New mom Octavia was excited about starting her family. She was a proud momma – to say the least – when she had her first child. Smart and sweet, her son was well behaved at church, during visits to his grandparents and when he played with friends. So, when her son turned five years old and the school called Octavia about some behavior problems, she was truly surprised. “I guess I was in denial,” said Octavia. “Every call from the school made me dig my heels in even deeper in defense of him. I even went to the school board to complain that they were falsely accusing him of being a bad kid.”

Warning Signs

That all changed when a school bus camera captured her son fighting with a school bus staff member who was trying to prevent him from jumping off the bus. Octavia was shocked. How could this be the same sweet boy she knew? Unfortunately, that was just the start. It all came to a head when he was admitted to a behavioral hospital to prevent him from hurting himself and others. It was at that low point when Octavia was told about the Youth Crisis Center’s SNAP® program.

What is SNAP®

SNAP®, which stands for STOP NOW AND PLAN, is an evidence-based program that focuses on how a child thinks, as well as why they are acting out. Developed at the Child Development Institute (CDI), SNAP® helps children and their parents learn how to effectively manage their emotions and ‘keep problems small’.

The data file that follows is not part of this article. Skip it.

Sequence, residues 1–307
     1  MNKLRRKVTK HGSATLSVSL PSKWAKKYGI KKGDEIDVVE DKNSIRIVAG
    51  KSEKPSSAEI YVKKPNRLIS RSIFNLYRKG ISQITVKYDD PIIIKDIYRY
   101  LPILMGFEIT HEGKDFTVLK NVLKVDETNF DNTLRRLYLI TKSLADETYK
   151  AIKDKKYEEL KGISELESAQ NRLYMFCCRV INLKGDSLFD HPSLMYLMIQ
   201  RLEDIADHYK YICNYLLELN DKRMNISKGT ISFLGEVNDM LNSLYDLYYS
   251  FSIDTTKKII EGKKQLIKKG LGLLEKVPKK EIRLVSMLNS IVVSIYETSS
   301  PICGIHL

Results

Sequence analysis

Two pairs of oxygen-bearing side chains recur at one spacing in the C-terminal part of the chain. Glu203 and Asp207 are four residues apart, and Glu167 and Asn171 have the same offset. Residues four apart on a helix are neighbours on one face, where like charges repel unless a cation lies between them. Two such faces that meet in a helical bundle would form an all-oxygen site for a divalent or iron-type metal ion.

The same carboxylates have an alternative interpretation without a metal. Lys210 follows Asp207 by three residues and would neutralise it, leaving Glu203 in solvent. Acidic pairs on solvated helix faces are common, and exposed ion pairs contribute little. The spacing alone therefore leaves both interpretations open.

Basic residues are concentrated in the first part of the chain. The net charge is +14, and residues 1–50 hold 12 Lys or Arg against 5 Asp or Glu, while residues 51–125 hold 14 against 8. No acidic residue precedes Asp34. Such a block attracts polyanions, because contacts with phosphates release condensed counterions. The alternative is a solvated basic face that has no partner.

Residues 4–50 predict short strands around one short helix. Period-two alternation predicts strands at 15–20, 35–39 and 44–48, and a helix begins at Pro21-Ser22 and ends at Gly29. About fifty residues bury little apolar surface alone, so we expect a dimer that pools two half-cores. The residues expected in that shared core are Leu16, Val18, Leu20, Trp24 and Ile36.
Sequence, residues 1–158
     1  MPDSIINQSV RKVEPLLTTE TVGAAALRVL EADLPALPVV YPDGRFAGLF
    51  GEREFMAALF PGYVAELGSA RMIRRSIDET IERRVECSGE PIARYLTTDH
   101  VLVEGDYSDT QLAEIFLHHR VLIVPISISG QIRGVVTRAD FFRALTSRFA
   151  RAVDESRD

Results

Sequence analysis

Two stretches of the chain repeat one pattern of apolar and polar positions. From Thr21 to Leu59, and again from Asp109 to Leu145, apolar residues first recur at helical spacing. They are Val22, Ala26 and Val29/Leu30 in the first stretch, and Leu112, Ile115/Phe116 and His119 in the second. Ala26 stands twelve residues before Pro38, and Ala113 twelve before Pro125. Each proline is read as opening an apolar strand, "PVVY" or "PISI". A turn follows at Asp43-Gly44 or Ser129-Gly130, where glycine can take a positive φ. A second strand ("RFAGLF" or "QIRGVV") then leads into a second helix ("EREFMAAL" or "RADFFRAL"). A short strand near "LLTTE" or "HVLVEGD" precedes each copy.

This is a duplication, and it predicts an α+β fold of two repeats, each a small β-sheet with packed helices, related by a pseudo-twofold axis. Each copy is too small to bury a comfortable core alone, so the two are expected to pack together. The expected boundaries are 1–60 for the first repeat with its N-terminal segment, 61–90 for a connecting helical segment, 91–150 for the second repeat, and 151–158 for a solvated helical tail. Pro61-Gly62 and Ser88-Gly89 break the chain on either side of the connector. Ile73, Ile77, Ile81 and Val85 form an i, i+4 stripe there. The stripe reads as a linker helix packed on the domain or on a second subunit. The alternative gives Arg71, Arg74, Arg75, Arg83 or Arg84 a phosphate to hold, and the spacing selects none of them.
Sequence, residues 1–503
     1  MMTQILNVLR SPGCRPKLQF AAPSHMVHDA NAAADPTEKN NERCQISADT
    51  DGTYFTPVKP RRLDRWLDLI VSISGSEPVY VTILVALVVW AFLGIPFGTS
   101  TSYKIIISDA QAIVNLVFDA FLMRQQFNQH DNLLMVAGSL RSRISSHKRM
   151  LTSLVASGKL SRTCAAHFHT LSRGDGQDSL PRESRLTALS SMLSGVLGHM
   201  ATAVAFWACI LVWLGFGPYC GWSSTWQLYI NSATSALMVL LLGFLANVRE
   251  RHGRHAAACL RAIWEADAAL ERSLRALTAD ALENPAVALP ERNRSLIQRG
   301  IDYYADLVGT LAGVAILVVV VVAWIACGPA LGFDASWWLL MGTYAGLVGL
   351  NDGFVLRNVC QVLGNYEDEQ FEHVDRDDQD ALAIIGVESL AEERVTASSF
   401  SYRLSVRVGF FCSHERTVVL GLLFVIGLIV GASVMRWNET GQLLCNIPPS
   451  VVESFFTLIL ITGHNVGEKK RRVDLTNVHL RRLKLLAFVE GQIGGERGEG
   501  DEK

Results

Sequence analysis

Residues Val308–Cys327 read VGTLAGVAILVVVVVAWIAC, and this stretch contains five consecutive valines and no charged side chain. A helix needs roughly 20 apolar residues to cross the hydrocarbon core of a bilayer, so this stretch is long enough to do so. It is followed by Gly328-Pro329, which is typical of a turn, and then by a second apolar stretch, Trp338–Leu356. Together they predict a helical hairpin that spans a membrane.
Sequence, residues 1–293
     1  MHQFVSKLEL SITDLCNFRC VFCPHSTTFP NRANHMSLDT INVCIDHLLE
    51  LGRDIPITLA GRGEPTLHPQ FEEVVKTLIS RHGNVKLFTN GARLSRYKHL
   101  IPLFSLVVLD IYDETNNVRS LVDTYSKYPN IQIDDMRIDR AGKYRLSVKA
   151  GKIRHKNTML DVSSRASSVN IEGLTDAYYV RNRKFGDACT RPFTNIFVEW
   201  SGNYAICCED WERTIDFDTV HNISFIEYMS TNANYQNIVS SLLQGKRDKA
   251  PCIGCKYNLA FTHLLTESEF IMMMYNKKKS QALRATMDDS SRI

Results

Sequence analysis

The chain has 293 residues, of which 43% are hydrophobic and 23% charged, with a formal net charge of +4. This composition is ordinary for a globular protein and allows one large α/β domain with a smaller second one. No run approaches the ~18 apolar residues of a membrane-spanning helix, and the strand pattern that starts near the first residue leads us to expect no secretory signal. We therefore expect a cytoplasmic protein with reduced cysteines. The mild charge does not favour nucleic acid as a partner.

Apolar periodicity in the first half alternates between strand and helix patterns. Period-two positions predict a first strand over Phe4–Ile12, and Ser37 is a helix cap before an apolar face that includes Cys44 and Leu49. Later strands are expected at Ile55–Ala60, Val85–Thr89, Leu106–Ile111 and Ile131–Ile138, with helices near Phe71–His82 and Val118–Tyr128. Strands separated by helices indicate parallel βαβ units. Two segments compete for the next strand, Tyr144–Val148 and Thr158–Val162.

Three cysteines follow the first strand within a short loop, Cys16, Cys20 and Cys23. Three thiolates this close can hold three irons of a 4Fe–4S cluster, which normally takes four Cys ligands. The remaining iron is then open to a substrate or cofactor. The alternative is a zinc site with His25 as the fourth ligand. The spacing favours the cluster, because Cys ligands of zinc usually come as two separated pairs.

The SNAP® program is focused on children ages 6-11 who are engaging in aggressive, anti-social behavior and/or have come into contact with authority figures at school or in the community due to poor behavior. Experienced and highly trained staff works with each family to assess challenges and problems and develop an action plan. The goal is to prevent future anti-social behavior and reduce the chances of conflict with family, peers and authority figures.

The Benefits of SNAP®